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Nopales Cactus Buds
Inventory, lb : 0
This item was last sold on : 06/23/19
Nopales Cactus Buds are small in size, averaging 2-5 centimeters in length, and are cylindrical to oblong in shape tapering slightly at both ends. At the bottom of the bud, the smooth, firm green skin is ridged with small bumps, and underneath the surface, the flesh is crisp, tender, and mucilaginous. From the green base, the flesh fades into bright pink to fuschia flower petals that are tightly wrapped, soft, and delicate, encasing thin stamens in the center of the petals. Nopales Cactus Buds are mild, crunchy, and succulent with a green, slightly tangy flavor reminiscent of asparagus and green beans.
Nopales Cactus Buds are available in the early spring through summer.
Nopales Cactus Buds, botanically classified as Opuntia ficus-indica, are small nodules that form on the end of the pad on the prickly pear cactus, which belongs to the Cactaceae family. These small buds bloom into vibrant colored flowers of yellow, magenta, red, or orange, and then eventually the bloom gives way to the prickly pear fruit, also known as a tuna. Prickly pear cacti are predominately known for their edible pads and fruit, but the buds have remained relatively unknown as a consumable item. Though rare in the mass commercial market, Nopales Cactus Buds are increasingly in popularity at specialty markets and are harvested in the spring, favored for their tangy, green flavor. Caution should be taken if harvesting from the wild as some varieties are spineless while other varieties may bear glochids, which are delicate spines that are easily lodged into the skin and can cause irritation.
Nopales Cactus Buds contain vitamins A, B, and C, and iron.
Nopales Cactus Buds are best suited for cooked applications such as steaming, baking, and boiling. The buds can be baked, skewered, and used as an appetizer, dipped in sauces such as bar-be-que and soy sauce, or sprinkled with balsamic, sea salt, and vinegar. The buds can also be boiled and mixed with other cooked vegetables in a stir-fry, steamed, coated in butter, and served with sautéed onions, tossed into salads, incorporated into stews, roasts, and casseroles, or cooked into egg dishes and quiches. In addition to cooked applications, Nopales Cactus Buds can be dehydrated and reconstituted when needed. In this form, the buds can be ground into a fine powder and used as a thickener in gravy and sauces. They can also be pickled and stored for extended use. Nopales Cactus Buds pair well with carrots, celery, green beans, corn, sweet bell peppers, tomatoes, cilantro, oregano, potatoes, scallions, onions, parmesan cheese, salsa, eggs, poultry, pork, and beef. The fresh buds will keep up to one week when stored in the refrigerator.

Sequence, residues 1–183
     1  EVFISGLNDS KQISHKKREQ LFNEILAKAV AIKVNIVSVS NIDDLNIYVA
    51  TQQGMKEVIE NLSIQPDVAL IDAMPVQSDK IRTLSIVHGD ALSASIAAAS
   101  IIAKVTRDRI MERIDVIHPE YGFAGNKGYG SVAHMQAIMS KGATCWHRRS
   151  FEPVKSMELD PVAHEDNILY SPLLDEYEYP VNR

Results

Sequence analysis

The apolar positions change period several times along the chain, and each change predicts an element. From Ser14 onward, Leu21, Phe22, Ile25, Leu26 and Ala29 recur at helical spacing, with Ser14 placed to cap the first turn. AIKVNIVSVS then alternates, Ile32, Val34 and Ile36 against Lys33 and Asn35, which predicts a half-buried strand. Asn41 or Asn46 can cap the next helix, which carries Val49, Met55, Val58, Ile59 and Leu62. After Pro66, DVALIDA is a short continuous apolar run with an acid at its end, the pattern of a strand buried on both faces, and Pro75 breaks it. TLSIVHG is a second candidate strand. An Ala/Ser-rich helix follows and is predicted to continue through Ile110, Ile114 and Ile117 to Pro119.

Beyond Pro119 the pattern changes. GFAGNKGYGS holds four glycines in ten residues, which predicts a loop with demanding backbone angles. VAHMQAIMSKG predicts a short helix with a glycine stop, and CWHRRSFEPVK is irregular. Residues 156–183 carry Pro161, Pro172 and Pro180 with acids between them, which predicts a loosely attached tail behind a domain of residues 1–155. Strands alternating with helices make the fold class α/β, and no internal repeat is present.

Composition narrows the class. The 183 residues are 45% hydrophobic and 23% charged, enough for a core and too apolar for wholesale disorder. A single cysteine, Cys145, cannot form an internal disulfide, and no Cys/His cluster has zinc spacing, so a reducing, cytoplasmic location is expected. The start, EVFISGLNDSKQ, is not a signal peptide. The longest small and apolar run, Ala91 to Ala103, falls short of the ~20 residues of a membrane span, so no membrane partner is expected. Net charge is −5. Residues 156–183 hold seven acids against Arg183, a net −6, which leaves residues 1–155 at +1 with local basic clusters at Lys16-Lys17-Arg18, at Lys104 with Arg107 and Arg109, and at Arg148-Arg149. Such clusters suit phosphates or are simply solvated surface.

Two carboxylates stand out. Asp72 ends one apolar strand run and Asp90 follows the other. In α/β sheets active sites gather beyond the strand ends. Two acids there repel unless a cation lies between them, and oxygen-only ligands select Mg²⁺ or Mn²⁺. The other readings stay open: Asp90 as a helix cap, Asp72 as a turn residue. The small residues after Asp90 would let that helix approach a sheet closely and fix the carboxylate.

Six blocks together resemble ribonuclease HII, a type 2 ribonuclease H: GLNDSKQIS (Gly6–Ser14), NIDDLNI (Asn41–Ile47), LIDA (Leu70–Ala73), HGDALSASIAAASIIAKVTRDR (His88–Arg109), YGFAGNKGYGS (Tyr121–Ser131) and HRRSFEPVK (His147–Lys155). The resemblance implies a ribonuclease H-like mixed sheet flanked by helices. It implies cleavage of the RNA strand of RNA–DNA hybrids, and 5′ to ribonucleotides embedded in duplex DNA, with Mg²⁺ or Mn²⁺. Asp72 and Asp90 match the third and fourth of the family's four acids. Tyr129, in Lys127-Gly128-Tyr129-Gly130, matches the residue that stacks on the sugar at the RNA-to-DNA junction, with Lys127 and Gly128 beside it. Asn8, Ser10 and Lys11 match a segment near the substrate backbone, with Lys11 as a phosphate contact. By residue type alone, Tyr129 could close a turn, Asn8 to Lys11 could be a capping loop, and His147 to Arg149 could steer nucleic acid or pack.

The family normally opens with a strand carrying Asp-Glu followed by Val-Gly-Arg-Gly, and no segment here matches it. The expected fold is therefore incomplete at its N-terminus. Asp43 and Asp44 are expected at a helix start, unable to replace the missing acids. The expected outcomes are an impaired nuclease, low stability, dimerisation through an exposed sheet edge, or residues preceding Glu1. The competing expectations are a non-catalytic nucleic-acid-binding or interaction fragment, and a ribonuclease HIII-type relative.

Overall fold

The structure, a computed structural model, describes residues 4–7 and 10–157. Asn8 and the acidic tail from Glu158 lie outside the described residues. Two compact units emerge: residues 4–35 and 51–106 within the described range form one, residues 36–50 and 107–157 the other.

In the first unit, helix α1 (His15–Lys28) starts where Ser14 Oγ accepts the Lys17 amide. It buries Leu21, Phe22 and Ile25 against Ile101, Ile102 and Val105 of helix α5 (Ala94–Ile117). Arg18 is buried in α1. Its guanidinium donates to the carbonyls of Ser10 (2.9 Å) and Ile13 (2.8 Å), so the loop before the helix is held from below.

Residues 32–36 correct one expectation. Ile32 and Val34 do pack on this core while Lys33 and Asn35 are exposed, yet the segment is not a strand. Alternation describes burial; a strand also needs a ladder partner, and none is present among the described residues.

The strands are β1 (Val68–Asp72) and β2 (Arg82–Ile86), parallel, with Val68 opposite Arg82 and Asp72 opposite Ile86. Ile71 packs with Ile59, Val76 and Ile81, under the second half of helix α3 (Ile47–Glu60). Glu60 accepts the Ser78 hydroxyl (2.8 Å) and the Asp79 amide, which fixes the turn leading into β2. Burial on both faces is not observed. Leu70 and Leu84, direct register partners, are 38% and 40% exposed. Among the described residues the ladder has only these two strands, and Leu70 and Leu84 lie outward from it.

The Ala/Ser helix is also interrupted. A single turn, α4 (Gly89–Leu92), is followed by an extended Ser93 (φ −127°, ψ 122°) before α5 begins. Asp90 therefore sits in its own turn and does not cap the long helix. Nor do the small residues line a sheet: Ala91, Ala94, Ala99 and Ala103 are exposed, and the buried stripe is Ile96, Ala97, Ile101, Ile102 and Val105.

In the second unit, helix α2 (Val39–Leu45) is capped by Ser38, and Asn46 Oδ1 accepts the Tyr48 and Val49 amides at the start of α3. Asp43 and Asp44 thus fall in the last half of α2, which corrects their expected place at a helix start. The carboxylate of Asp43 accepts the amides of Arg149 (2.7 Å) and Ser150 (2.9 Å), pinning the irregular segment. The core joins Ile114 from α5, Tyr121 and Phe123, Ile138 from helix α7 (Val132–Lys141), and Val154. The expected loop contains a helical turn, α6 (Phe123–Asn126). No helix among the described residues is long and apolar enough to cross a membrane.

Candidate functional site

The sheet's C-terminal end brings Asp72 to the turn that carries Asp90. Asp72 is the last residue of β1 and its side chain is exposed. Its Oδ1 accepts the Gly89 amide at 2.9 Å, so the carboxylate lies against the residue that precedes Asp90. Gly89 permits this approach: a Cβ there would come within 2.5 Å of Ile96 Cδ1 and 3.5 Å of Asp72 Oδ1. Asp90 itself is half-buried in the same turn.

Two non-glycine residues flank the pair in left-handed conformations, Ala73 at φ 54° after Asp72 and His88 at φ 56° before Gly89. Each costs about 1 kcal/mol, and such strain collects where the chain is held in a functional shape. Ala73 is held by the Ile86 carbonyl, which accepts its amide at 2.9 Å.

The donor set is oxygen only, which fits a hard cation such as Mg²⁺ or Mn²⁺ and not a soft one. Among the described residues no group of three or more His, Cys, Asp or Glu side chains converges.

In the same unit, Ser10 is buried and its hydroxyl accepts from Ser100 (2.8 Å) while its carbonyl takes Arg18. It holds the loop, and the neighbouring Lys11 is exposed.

Nopales Cactus Buds grow on the prickly pear cactus which is one of the most popular cacti species found in the Southwestern United States. There are more than three hundred varieties of prickly pear cacti present throughout North, Central, and South America and the pads, fruit, and buds are used by local tribes as a source of food and medicine. In the United States, the prickly pear is the state cactus of Texas and has been used by Native Americans as a medicinal aid to reduce symptoms associated with sunburns, gastrointestinal issues, and colds. In addition to human consumption, the prickly pear cactus also provides food and shelter to reptiles, birds, tortoises, deer, and rabbits.
The Nopales Cactus is native to Central Mexico where it has been growing wild since ancient times and was believed to have been used as a source of food over 9,000 years ago. As humans migrated and spread throughout the Americas and then eventually encountered trade ships from Europe, the cactus was spread across the world and was established in many different regions. Today the species is commonly cultivated and found growing in Mediterranean climates and is available in the wild and through local markets in North, Central, and South America, Europe, Africa, Asia, and Australia. The Nopales Cactus Buds shown in the photograph above were found in Miami, Florida.